Editor: Nigel Bennett
Even mortality patterns of the two sexes in a polygynous, near-monomorphic species: is there a flaw?
Article first published online: 26 JAN 2010
© 2010 The Authors. Journal compilation © 2010 The Zoological Society of London
Journal of Zoology
Volume 280, Issue 4, pages 379–386, April 2010
How to Cite
Bocci, A., Canavese, G. and Lovari, S. (2010), Even mortality patterns of the two sexes in a polygynous, near-monomorphic species: is there a flaw?. Journal of Zoology, 280: 379–386. doi: 10.1111/j.1469-7998.2009.00672.x
- Issue published online: 20 MAR 2010
- Article first published online: 26 JAN 2010
- Received 3 July 2009; revised 30 October 2009; accepted 3 November 2009
- survival rate;
- live counts;
- Rupicapra rupicapra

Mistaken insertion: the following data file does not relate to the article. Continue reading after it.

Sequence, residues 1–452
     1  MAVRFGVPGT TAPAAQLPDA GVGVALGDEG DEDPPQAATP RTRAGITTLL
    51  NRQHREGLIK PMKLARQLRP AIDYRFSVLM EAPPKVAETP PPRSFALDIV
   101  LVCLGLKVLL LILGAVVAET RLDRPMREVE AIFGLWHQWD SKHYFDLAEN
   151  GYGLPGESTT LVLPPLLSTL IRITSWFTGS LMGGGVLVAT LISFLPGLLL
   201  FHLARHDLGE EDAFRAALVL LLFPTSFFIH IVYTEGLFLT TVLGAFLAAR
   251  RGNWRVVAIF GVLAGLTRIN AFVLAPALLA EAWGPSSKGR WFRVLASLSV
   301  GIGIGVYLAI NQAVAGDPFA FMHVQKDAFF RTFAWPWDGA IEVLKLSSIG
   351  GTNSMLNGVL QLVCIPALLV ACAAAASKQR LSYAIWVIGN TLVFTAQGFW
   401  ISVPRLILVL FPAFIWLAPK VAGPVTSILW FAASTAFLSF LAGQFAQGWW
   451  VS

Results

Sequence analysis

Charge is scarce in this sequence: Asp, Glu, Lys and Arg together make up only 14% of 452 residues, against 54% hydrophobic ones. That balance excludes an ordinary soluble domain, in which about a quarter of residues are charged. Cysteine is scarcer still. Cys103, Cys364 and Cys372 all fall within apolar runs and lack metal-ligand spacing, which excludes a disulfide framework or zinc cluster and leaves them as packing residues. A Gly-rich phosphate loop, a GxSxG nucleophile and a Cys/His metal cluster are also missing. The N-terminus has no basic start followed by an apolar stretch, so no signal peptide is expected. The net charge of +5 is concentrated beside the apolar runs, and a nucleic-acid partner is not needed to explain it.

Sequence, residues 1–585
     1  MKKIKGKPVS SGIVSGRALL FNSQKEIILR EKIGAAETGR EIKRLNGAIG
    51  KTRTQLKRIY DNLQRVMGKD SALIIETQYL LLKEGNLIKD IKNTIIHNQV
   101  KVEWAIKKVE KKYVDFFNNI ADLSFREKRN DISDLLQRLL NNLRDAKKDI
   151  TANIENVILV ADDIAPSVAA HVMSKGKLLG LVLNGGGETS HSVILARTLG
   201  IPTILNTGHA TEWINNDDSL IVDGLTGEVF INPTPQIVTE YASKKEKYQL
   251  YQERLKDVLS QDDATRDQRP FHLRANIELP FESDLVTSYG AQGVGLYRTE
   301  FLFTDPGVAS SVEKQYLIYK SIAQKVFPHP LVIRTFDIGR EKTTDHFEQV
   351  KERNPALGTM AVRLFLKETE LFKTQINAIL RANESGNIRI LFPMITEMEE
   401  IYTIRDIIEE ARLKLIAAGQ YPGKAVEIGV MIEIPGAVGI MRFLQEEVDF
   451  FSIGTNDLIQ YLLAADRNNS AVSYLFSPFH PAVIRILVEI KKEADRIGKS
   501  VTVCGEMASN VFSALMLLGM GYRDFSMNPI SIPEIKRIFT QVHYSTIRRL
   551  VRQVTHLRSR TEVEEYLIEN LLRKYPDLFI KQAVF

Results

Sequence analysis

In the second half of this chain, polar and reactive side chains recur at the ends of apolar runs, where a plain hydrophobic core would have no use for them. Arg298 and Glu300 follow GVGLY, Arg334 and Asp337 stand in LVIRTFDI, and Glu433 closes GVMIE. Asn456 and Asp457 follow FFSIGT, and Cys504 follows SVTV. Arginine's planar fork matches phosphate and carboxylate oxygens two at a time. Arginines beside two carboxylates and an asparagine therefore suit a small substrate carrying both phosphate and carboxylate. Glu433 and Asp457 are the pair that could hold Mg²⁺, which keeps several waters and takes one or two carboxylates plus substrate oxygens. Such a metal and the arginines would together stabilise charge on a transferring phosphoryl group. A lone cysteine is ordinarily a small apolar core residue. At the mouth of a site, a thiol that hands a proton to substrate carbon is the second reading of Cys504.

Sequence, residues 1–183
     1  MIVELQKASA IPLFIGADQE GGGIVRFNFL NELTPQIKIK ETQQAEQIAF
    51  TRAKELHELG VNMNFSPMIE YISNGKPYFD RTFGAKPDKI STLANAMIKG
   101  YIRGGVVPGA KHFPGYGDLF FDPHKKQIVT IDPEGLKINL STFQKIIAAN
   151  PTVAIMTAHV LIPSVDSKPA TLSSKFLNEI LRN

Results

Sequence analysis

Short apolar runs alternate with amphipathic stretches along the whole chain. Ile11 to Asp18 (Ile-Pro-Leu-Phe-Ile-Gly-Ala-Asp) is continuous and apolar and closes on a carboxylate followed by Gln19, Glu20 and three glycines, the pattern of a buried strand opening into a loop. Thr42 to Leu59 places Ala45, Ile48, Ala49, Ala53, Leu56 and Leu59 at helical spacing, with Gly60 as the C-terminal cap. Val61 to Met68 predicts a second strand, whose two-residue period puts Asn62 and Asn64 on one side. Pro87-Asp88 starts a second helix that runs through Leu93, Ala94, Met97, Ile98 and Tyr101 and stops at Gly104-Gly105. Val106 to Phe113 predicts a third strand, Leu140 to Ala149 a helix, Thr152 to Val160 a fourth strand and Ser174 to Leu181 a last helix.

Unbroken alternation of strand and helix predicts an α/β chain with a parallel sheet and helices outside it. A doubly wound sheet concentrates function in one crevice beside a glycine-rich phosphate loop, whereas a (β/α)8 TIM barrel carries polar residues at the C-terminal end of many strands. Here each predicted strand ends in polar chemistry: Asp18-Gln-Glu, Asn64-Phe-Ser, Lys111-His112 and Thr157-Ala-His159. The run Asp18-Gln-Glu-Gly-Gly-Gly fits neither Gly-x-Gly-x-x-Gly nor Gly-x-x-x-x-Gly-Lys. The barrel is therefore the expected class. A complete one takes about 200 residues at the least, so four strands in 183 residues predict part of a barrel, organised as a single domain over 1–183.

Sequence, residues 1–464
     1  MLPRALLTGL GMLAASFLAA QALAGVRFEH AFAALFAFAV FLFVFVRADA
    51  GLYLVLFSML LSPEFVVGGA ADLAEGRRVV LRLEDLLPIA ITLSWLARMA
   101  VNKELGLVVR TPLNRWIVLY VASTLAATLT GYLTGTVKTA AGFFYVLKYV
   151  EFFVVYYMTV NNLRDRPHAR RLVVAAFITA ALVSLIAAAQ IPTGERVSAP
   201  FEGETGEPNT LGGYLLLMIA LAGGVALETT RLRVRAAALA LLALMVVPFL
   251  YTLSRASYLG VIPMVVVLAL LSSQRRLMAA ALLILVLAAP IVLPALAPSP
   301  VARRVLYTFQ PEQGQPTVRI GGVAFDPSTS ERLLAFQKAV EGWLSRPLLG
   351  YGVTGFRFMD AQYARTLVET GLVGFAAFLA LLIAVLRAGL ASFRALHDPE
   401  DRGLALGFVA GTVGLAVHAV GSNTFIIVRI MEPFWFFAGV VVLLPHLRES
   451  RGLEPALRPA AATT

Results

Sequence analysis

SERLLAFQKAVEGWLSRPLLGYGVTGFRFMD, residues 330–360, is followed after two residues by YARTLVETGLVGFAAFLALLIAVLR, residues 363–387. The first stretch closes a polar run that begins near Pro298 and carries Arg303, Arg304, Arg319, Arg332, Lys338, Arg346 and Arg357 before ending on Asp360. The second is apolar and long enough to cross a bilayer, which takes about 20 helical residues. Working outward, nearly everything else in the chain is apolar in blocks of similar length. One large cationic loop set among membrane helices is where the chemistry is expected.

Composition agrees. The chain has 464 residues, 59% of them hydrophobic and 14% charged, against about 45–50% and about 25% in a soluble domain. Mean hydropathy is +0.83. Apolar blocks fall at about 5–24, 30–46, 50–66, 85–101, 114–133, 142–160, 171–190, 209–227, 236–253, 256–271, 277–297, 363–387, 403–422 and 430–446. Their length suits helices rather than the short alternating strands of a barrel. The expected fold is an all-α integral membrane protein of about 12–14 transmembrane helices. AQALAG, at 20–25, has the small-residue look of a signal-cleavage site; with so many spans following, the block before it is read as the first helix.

The chamois Rupicapra rupicapra has been termed a highly polygynous species, with a great male competition for mating. If so, a lower survival should be expected for the male sex. From 1986 to 2000, 1801 carcasses of chamois were collected in the Maritime Alps Regional Park, Italy, where a protected, healthy, stable population of chamois occurred (c. 12 individuals 100 ha−1). Each year, population structure from carcasses was consistent with that from the count carried out on the preceding year on live individuals. Demographic features (assessed from mortality data, as well as from live counts) showed a balanced age structure and a good adult survival (10% individuals older than 11 years). Mortality peaks showed a cyclic pattern of 3–4 years. Winter severity and local density affected survival, with no significant difference between sexes. The number of carcasses was dependent on the combination of snow depth and mean temperature, in winter. Both sexes showed nearly the same survivorship curves, with a quite similar life expectancy in the first year (males=6.8 years, females=7.0 years), and the same maximum age at death (16 years), as it may be expected in a monomorphic, monogamous species. This is, however, a rare event among polygynous species, with a high male competition for females and male juvenile dispersion, which normally affect male survival. The similar adult survival of the two sexes could be explained by comparable energetic costs and risks for reproduction, or through greater fat reserves put on by males, before the rut, which may lower their winter mortality.